♥Album now on Pre Order!
"Absolutely brilliant" Tom Robinson, BBC6Music
"Spine-tingling. Fiona Bevan completely transported me” Alex James, Blur
"Fiona Bevan took us on startling odysseys that suggested Erykah Badu, Joanna Newsom and Kate Bush spine-tinglingly joined." Guardian
♥Fiery sweet singer songwriter adventuring into love’s dark corners via soul-folk-pop♥
♥wrote "Little Things" with Ed Sheeran for One Direction
FIONA BEVAN, BIOGRAPHY
Fiona Bevan’s bewitching music has roots that run deep. They stretch as far back as the Suffolk-born singer’s childhood home, in which her family sang songs from black and white films and old musicals around a piano and her parents played her Cole Porter and Doris Day. They snake through her spell as an English literature student, several years spent perfecting her craft on the London club circuit and an extraordinary career as a writer that ranges from commissions for film, classical compositions and a Tate exhibition to co-penning a chart-topping hit, Little Things, with Ed Sheeran, for boy band behemoth One Direction.
That Bevan describes her debut album as ‘pop in disguise’ makes perfect sense. The dozen, dynamic songs on Talk To Strangers have hooks, harmonies and melodies that linger from first listen, but they are defiantly timeless as opposed to time-bound, as rooted in the past as they are in the present and purposely hard to pin down. Among the guitars, drums and piano, you’ll hear violin, double bass, accordion and harp, all played by Bevan, a hapi drum played by producer Shawn Lee and birdsong, some of it real, some of it whistled by Bevan-as-bird.
“I didn’t grow up on pop,” says the singer. “I heard The Beatles and Hendrix for the first time at 15 and they blew my mind. But by then I had found my own way of using my voice. I have a high voice that’s not particularly fashionable, but it helped me channel my songs. I’ve made all sorts of music in the past, but I’ve always known how I should sound.”
The album’s storytelling lyrics are as crucial as their impeccable settings, their meanings central to the songs. A relative of Robert Louis Stevenson (he was her great great grandfather’s cousin), Bevan grew up immersed in books, began writing poetry aged eight and stumbled in to her first band at 15, having joined to play bass, but been promoted to co-writing and singing the songs by the group’s first gig.
“I love clever, interesting pop and I adore storytelling,” says Bevan. “It’s important to me that no words are wasted. I write about real things that have happened to me or my friends. I try to find the focus of a story and work from there.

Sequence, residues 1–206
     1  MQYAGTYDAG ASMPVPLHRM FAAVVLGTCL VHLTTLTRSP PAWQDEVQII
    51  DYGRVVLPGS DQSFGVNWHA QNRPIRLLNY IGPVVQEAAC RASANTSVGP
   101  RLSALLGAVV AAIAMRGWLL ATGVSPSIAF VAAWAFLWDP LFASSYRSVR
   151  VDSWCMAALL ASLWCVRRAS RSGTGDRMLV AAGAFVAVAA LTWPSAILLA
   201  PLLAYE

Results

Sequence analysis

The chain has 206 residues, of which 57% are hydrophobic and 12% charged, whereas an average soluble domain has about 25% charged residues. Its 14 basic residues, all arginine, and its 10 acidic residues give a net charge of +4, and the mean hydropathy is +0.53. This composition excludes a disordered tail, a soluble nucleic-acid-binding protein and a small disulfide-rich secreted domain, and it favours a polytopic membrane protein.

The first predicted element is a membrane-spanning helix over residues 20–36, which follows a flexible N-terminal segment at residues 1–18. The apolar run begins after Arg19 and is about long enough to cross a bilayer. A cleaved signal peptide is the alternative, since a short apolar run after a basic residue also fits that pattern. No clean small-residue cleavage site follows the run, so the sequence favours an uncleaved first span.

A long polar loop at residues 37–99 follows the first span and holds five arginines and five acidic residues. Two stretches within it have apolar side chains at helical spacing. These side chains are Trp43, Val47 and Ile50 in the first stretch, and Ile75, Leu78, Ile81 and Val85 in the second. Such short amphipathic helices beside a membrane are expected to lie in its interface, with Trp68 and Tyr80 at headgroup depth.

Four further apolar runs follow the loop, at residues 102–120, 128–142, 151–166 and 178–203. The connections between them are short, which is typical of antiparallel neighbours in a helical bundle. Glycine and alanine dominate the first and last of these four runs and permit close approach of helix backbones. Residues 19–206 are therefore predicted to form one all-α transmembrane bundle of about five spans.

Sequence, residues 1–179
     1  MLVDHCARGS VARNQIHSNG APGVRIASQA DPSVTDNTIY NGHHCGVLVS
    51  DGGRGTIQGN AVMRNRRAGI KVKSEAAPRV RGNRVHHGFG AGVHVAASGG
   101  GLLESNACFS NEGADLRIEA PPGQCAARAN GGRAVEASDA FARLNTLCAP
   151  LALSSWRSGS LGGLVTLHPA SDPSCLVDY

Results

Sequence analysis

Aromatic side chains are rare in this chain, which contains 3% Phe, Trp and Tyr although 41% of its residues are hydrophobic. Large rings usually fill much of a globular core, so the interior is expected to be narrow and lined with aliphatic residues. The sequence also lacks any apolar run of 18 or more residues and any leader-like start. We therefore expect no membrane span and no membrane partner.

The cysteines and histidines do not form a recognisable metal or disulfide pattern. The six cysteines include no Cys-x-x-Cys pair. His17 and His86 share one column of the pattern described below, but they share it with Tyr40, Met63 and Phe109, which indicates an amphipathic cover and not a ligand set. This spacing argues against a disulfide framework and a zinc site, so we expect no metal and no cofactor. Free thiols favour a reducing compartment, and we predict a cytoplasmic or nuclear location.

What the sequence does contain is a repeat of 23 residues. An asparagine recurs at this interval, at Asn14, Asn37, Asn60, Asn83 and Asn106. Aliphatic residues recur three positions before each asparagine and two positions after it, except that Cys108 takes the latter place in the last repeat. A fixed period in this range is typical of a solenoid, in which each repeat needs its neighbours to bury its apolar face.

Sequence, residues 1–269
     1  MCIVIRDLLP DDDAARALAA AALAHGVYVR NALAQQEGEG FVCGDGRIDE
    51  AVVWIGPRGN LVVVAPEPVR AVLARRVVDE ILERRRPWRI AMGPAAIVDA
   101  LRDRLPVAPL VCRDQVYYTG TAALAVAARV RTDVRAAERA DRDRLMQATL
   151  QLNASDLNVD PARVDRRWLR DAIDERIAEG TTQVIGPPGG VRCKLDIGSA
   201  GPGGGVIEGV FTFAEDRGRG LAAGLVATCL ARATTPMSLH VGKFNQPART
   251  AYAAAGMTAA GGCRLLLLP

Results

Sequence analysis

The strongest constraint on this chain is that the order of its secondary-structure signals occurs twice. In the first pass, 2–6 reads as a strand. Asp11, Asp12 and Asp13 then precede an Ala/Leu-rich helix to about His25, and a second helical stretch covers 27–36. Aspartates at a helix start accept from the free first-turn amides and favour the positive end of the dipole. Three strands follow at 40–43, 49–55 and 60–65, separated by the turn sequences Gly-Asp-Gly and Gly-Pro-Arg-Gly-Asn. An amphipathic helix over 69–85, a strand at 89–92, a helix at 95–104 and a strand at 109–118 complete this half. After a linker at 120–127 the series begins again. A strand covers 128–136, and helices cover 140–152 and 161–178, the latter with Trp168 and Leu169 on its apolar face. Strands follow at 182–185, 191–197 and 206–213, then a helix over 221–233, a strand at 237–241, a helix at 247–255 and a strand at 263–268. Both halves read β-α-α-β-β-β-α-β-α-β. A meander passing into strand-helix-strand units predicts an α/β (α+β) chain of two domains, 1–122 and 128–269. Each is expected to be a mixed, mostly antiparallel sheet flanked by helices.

“My writing process is really an attempt to understand who I am and how not to be walked over in the world – as a woman, as a shy person, as someone doing something different. I’d say it’s about finding myself, if that didn’t sound so terribly cheesy.”
Talk To Strangers was recorded entirely on analogue equipment with artist and producer Shawn Lee at his Bloomsbury studio in short bursts throughout spring last year.
“The idea was to capture the energy of playing live,” says Bevan. “Nothing is digital or sterile; it’s golden and human. We recorded everything live and not to click and captured something that I’ve never managed in a studio before - the magic of live performance.”
Playing live has been the cornerstone of Bevan’s career since she first stepped on stage in Colchester aged 15. Her teenage band lasted four years, after which she moved to London to study and went solo with her guitar. Along the way, she has played with dozens of other artists in all sorts of genres of music. There was even a brief spell as a bassist in a band mentored by Adam Ant and fronted by Georgina Baillie (the woman at the centre of the Sachsgate scandal).
The song she wrote with a pre-fame Sheeran (the pair used to play the same club nights) spent years lost thanks to a misplaced mobile phone before Bevan came across the lyrics on a piece of paper. She sent them to Sheeran, who remembered and recorded the music. One Direction overheard Little Things, insisted they have it and took it to the top of the charts in late 2012.
Last year, Bevan wrote, recorded and toured with jazz vocalist Gwyneth Herbert. Reviewing the show in London, The Guardian gushed that “Bevan took us on startling odysseys that suggested Erykah Badu, Joanna Newsom and Kate Bush spine-tinglingly joined”. More recently, she has been in L.A. co-writing with Grammy Award-winning producer John Shanks.
Talk To Strangers was entirely composed by Bevan over the past four years and recently mastered in San Francisco by the legendary George Horn, who has been cutting vinyl since the ‘60s for musicians including Paul Simon, Sly & The Family Stone, Bob Dylan and John Coltrane. If the album feels like a long time coming for an artist already established live, it’s been well worth the wait. Those deep roots have spawned something truly special.
Talk To Strangers is released 28th April on Navigator Records
The Machine, the debut single, released 10th March
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